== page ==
In some cases decisions to deny a long-term permit have been made without officers clearly considering the impact that being trafficked in Canada has had and what it would mean for their lives if they returned to their country of origin.

A woman interviewed to renew her TRP was not asked any questions to establish whether it would be difficult or unsafe for her to return to her country. No consideration was given to the physical and mental health support that the woman may have needed in the long-term in order to be able to re-establish a sense of safety and reconstruct her life.

 

Loss of status and uncertainty: TRP may compromise a person’s longer-term status in Canada

Where a trafficked person already has an immigration status, such as Temporary Foreign Worker, Live-in Caregiver, or visitor status, the person will either have to renounce their current legal status or wait until it expires in order to be considered for a TRP, with no guarantee that they will be issued one. In some cases, IRCC has been prepared to carry out an interview in advance, but the TRP itself is not issued until the person is out of status. In some cases, this means that a trafficked person must make a difficult choice between a 180-day TRP (with no guarantees of extending their stay in Canada beyond that) or remaining on a visa with longer term potential rights in Canada (such as Live-in Caregiver, which is a pathway to permanent residence, or a TFW visa which may be valid for a longer period than 180 days).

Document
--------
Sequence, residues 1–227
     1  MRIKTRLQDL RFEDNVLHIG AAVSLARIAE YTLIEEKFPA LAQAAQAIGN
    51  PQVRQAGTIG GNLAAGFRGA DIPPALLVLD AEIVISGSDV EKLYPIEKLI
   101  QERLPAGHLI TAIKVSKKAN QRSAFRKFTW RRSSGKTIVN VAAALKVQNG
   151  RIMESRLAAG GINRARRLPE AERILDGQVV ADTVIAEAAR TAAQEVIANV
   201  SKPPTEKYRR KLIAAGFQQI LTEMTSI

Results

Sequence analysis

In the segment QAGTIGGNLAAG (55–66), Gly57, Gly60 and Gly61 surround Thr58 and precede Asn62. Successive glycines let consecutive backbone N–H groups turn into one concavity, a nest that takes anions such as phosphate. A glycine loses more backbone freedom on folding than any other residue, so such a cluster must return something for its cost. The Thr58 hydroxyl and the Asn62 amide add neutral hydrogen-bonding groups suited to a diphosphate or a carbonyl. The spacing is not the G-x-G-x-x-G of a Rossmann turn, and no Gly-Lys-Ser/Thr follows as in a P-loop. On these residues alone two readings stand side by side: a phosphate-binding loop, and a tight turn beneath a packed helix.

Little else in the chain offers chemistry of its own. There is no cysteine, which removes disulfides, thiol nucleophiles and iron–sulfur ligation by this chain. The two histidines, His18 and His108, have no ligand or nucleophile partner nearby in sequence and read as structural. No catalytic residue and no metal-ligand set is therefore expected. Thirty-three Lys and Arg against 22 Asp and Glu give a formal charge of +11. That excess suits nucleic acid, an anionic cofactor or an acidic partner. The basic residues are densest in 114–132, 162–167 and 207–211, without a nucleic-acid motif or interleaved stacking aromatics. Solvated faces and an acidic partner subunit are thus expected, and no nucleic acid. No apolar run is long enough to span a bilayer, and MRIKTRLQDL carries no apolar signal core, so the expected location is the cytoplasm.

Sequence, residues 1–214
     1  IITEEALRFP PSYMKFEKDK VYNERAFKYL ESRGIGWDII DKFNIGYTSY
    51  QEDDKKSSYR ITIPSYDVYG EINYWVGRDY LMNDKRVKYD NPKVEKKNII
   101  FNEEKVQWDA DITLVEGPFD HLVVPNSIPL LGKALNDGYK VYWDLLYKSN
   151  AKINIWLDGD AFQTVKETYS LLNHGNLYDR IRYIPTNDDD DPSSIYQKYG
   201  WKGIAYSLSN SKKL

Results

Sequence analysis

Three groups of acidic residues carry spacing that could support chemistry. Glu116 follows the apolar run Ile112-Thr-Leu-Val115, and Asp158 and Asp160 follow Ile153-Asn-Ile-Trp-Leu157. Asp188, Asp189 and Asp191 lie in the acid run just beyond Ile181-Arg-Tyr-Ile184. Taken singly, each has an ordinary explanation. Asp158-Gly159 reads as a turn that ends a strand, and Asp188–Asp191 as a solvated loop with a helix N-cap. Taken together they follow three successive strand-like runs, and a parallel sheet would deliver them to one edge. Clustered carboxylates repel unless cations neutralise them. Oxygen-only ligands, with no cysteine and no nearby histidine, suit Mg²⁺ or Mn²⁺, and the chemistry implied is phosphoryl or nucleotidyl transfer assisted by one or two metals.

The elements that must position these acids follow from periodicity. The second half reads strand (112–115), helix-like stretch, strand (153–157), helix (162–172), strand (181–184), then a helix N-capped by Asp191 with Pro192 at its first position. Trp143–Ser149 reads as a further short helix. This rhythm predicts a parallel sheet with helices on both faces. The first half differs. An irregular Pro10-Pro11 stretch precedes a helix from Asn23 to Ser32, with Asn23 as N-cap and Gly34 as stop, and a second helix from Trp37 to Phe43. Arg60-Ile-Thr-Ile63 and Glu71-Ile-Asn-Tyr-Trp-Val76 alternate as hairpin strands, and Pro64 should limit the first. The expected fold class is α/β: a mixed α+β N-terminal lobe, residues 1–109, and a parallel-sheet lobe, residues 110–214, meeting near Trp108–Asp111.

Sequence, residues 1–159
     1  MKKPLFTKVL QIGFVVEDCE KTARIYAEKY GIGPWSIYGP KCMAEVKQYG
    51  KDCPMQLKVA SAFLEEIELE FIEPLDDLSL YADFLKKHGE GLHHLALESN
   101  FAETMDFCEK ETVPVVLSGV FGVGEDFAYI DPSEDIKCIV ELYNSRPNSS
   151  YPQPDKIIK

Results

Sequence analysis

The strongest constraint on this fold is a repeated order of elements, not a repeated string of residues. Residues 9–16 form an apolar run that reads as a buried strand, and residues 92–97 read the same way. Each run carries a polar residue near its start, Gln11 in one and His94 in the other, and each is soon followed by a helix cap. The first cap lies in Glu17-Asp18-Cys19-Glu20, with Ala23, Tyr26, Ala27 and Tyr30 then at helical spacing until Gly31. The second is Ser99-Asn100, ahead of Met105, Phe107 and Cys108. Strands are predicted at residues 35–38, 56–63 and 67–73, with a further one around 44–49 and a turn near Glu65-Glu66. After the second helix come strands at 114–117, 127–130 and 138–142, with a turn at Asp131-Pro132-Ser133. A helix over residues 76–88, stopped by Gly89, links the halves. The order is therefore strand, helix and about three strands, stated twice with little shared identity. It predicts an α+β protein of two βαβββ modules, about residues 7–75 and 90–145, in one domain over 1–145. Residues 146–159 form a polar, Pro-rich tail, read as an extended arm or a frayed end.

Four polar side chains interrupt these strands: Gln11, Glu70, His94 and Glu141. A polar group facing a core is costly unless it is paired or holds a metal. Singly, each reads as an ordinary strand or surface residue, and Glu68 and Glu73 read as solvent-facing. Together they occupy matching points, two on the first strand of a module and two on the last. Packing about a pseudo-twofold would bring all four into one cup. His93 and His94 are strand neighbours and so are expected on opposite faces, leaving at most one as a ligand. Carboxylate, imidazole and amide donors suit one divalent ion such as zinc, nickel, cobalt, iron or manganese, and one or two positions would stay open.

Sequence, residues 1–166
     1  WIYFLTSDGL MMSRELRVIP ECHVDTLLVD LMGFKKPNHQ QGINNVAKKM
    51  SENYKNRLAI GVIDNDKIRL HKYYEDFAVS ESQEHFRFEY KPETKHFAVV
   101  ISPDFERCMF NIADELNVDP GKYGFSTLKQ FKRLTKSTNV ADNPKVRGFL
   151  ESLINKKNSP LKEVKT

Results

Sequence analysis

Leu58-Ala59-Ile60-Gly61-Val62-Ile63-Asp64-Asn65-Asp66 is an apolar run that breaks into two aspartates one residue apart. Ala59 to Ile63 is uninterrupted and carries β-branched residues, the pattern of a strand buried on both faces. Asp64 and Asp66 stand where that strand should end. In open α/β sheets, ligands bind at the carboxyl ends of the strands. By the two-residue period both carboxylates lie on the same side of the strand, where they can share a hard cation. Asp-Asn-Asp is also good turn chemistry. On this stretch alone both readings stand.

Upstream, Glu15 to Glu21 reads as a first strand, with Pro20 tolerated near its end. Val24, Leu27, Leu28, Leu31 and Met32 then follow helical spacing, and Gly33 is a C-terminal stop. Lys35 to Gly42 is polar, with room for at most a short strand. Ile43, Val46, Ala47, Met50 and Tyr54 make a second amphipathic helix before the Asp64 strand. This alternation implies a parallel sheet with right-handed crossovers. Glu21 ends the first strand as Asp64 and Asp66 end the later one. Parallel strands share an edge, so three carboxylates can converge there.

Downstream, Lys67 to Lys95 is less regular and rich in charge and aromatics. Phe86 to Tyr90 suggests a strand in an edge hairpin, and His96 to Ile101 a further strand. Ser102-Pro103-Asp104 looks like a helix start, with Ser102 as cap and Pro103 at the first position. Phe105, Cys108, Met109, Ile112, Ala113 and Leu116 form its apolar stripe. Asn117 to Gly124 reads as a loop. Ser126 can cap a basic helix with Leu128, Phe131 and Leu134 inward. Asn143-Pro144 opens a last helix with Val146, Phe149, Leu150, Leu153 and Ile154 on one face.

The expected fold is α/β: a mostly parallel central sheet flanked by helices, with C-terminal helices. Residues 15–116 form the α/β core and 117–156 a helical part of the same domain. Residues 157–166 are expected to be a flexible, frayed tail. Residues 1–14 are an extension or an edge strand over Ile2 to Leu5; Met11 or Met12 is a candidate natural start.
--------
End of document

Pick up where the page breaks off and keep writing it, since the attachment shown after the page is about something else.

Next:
Bars on access to TRPs under amendments to the Immigration and Refugee Protection Act (IRPA)

Under amendments to IRPA that came into effect in 2012, people whose refugee claims have been rejected, withdrawn or abandoned are now barred from applying for a TRP for 12 months following the rejection of the claim or the determination that the claim was withdrawn or abandoned.[8] Experience has shown that some traffickers force their victims to make a refugee claim, which is then withdrawn or abandoned, or force them to make a refugee claim that is destined to fail. This facilitates traffickers’ ability to threaten and control victims. Under the new rules, if such people subsequently escape their traffickers, they won’t be able to apply for a TRP.

Furthermore, the law now bars TRP applications for at least 5 years for “designated foreign nationals”.[9] There is real risk that trafficked persons might be among groups designated by the Minister of Public Safety, since one of the grounds for designation is that the group’s irregular arrival is undertaken by or for a criminal organization.[10] A group of exploited people being brought into Canada by an organized group of traffickers would meet this criterion – if the group is designated, the trafficked persons are denied access to the TRP, even though it is the only recourse designed for them.

 

Limited Rights under the TRP

No Right to Family Reunification

There is no consistent policy regarding the issuance of TRPs to family members of survivors of trafficking in Canada and abroad. Family members in Canada may be and have been deported.